Marks, J. 2008. Zeus in the Odyssey. Hellenic Studies Series 31. Washington, DC: Center for Hellenic Studies. http://nrs.harvard.edu/urn-3:hul.ebook:CHS_Marks.Zeus_in_the_Odyssey.2008.
Oresteia and Odyssey
Zeus, Athene and the opening of the Odyssey
νῆσον ἐς Ὠγυγίην ὀτρύνομεν, ὄφρα τάχιστα85
νύμφηι ἐυπλοκάμωι εἴπηι νημερτέα βουλήν,
νόστον Ὀδυσσῆος ταλασίφρονος, ὥς κε νέηται.
αύτὰρ ἐγὼν Ἰθάκηνδ᾿ ἐσελεύσομαι, ὄφρα οἱ υἱὸν
μᾶλλον ἐποτρύνω καί οἱ μένος ἐν φρεσὶ θείω,
εἰς ἀγορὴν καλέσαντα κάρη κομόωντας Ἀχαιοὺς90
πᾶσι μνηστήρεσσιν ἀπειπέμεν, οἵ τέ οἱ αἰεὶ
μῆλ᾿ ἀδινὰ σφάζουσι καὶ εἰλίποδας ἕλικας βοῦς.
πέμψω δ᾿ ἐς Σπάρτην τε καὶ ἐς Πύλον ἠμαθόεντα
νόστον πευσόμενον πατρὸς φίλου, ἤν που ἀκούσηι,
ἠδ᾿ ἵνα μιν κλέος ἐσθλὸν ἐν ἀνθρώποισιν ἔχηισιν.
Then let us send Hermes the runner, Argeiphontes,
to the island of Ogygie, in order that quick as possible85
he may tell to the fair-tressed nymph our unerring plan,
the homecoming of firm-minded Odysseus, so that he may return.
But I myself will go to Ithake, so that his son
I may the more urge on and put might in his heart,
to call to assembly the long-haired Achaians90
and denounce all the suitors, who always
slaughter his rich flocks and shambling crook-horned cattle.
And I will send him to Sparta and to sandy Pylos
to learn of his own father’s return, if he may somehow hear,
and in order that he may have good repute among people.
And so it happens. Athene departs for Ithake at once, and Books 2 through 4 narrate Telemachos’ public denunciation of the suitors and his quest for word of his father. Odysseus’ story is taken up in Book 5, when the gods dispatch Hermes to Ogygie.
ἐξ ἡμέων γάρ φασὶ κάκ᾿ ἔμμεναι· οἰ δὲ καὶ αὐτοὶ
σφῆισιν ἀτασθαλίηισιν ὑπὲρ μόρον ἄλγε᾿ ἔχουσιν,
ὡς καὶ νῦν Αἴγισθος ὑπὲρ μόρον Ἀτρείδαο35
γῆμ᾿ ἄλοχον μνηστήν, τὸν δ᾿ ἔκτανε νοστήσαντα,
εἰδὼς αἰπὺν ὄλεθρον, ἐπεὶ πρὸ οἱ εἴπομεν ἡμεῖς
Ἑμρείαν πέμψαντες ἐύσκοπον Ἀργειφόντην,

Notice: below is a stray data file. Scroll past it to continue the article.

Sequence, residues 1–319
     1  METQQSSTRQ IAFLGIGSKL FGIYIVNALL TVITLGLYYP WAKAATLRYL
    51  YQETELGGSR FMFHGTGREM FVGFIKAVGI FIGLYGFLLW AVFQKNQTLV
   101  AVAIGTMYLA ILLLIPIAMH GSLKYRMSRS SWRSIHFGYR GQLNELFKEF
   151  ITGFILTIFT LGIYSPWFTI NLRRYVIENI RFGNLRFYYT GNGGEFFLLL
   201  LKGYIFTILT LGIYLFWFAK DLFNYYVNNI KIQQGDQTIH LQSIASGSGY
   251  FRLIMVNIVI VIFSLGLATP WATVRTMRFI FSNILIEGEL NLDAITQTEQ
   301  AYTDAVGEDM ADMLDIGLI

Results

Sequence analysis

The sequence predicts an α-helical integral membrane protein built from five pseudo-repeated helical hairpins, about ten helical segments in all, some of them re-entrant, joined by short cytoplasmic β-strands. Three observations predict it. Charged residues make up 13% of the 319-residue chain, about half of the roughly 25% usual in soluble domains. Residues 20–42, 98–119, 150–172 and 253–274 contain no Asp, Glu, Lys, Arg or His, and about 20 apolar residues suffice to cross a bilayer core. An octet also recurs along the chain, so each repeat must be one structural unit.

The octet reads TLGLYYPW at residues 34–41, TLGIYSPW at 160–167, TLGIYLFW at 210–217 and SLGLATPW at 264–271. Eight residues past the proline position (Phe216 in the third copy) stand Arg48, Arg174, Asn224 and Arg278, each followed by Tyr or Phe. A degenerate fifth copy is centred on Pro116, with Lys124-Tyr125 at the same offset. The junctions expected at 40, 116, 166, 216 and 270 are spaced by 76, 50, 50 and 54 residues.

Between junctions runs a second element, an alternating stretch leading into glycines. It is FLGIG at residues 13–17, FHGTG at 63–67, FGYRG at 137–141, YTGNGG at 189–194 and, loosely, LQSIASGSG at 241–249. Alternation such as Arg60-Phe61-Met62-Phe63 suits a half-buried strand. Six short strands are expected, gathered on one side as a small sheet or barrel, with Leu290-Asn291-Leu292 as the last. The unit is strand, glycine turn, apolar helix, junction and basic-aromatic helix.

μήτ᾿ αὐτὸν κτείνειν μήτε μνάασθαι ἄκοιτιν·
ἐκ γὰρ Ὀρέσταο τίσις ἔσσεται Ἀτρείδαο40
ὁππότ᾿ ἂν ἡβήσηι τε καὶ ἧς ἱμείρεται αἴης.
ὣς ἔφαθ᾿ Ἑρμείας, ἀλλ᾿ οὐ φρένας Αἰγίσθοιο
πεῖθ᾿ ἀγαθὰ φρονέων· νῦν δ᾿ ἀθρόα πάντ᾿ἀπέτισε.
Alas, how indeed now men find fault with the gods.
For evils are from us they say; but they themselves
by their own reckless acts have sufferings beyond their portion.
So even now Aigisthos beyond his portion35
courted the wedded wife of Atreus’ son, and killed him when he returned,
although he knew it was sheer destruction, since we ourselves told him,
having sent Hermes, keen-sighted Argeiphontes,
to tell him neither to kill the man nor court his wife;
for from Orestes there would be payback for Atreus’ son40
whenever he came of age and longed for his land.
Thus spoke Hermes; but he did not persuade the mind of Aigisthos
for all his good intent; and now he has paid back all at once.
The broad thematic correspondences between this story and the main narrative of the Odyssey are well documented. Zeus’ Aigisthos, for example, is comparable to the Kyklops, Odysseus’ crew, the Phaiakes, and the suitors, all of whom suffer after failing to heed divine admonition. The heedless Aigisthos picks up the theme of the heedless crew in the proem, which theme Athene will transfer to the heedless suitors. The thematic opposition between Aigisthos and Orestes will be recreated in that between the suitors and Telemachos when the setting moves to Ithake (cf. 1.114-117). Thus the view of divine justice with which Zeus frames his Oresteia can be seen to inform the narrative as a whole.
|Character-type||Zeus’ Oresteia||Athene’s proposal|
|returning Trojan war hero||Agamemnon||Odysseus|
|hero’s faithful son||Orestes||Telemachos|
|seducer of hero’s wife||Aigisthos (of Klytaimnestre)||suitors (of Penelope)Kalypso (of Odysseus)|
|power opposing seducer||“we gods”||“we gods”|
|voice of opposing power||Hermes||Hermes|
Klytaimnestre and Penelope
. . . Penelope, from whom, along with Hermes, it is said by the Hellenes that Pan was born . . .
Another, more full account connects the story with the same region in which Pausanias found Penelope’s tomb:
Zeus’ Oresteia constructs at the outset a “good Hermes,” one who aids the gods in pointing out the negative consequences of seduction. As in the case of the competing versions of Penelope, Zeus’ positive valorization can be seen as a programmatic act, as well as a tacit acknowledgment that stories of the “bad Hermes” had achieved a level of diffusion that would provoke de-authorization.  Members of the Homeric audience who were familiar with such traditions, perhaps Arkadians or worshippers of the god Pan generally, could have found Hermes’ prominence at the beginning of the Odyssey, and the choice of him to dissuade Kalypso from “cuckolding” Penelope, ironical or even humorous. At the same time, Zeus’ casting of Hermes as an opponent of seduction in the Oresteia paradigm could also foreshadow the fact that the Odyssean Penelope will not be seduced by the god. 
Orestes and Telemachos
Nostoi and Odyssey